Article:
How to Apply Parkinson’s Law

Categories of priorities

Parkinson’s Law states: Work expands so as to fill the time available for its completion. We have discussed it before in the context of simplifying a day.

Everyone has observed how we have postponed a task nearer to its deadline, regardless of when the deadline was. If a task at school or office is due for completion in a week, that’s exactly what it takes. However, if the same task has a month long deadline, then we tend to finish it by the end of month.

Here, the harm done is wastage of time through procrastination.

On the other hand, a person using the time productively can complete the same task with a much better finishing quality in one month as compared to a week. Whether that kind of quality was required or not is an open question.

Here, the harm done is – again – wastage of time but through seeking perfection and opportunity cost of missing more important ventures.

So the question is: For an individual setting a deadline for himself/herself, how much time should be allocated to a particular task such that Parkinson’s Law works in their advantage?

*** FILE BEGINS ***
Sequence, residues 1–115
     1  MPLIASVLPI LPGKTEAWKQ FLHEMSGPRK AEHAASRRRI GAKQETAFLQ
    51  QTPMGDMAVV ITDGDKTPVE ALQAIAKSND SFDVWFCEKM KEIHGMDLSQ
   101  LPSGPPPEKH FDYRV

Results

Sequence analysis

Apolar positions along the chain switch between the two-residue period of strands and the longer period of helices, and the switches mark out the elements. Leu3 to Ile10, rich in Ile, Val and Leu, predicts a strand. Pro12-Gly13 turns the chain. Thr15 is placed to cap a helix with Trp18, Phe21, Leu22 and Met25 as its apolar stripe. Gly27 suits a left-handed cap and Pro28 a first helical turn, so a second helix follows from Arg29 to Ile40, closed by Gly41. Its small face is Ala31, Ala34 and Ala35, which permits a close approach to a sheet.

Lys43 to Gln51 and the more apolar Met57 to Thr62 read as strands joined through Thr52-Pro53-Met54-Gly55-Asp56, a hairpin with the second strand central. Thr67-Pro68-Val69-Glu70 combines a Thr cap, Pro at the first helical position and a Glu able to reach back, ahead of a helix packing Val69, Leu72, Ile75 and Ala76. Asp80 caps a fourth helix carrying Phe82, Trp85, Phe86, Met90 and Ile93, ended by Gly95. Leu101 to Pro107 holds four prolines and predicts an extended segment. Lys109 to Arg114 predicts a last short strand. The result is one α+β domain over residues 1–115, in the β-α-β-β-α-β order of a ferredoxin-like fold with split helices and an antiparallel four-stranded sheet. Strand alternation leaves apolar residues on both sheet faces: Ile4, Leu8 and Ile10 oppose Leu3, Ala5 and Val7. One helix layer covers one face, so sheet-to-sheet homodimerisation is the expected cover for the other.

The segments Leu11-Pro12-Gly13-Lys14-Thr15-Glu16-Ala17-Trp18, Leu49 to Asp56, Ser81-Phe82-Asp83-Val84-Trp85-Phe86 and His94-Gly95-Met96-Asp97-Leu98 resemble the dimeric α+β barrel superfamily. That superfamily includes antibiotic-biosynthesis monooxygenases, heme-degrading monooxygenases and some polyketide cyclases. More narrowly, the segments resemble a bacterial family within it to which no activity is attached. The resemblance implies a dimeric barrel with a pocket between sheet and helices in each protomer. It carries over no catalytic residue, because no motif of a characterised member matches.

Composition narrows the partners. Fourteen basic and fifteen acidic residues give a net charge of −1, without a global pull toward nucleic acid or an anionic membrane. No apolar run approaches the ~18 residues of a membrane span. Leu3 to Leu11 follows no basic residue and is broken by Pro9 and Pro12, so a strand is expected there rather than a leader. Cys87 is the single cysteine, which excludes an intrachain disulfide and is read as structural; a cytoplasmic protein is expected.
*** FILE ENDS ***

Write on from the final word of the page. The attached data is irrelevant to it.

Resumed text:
A quick solution could be to allocate the minimum time possible for that task and get it done. However, the drawback is that the quality of work gets affected which is not always desirable.

My solution is to apply 80/20 rule here as well:

  • Start with allocating a reasonably short amount of time.
  • Break the task down into little parts.
  • Categorize these new subtasks according to their impact on the excellence of the result. For example,
    1. Absolutely essential
    2. Good to have
    3. OK whether done or not
    4. Unnecessary
  • Choose all of category 1 above and some/many/most from category 2 (depending on the exact situation). This is the effective 20 of that 80/20 rule.
  • Finish these and move on.

In this way, nothing will take longer than necessary without comprising on quality. If this procedure is applied in a series of pursuits, it is easy to recognize that what one will be doing is nothing but only the most significant activities in life. Working on these highest priority actions is the basis of the above method.

Intuitively, I have always felt that Parkinson’s Law has a special relationship with priorities and that is how I was able to decode it.

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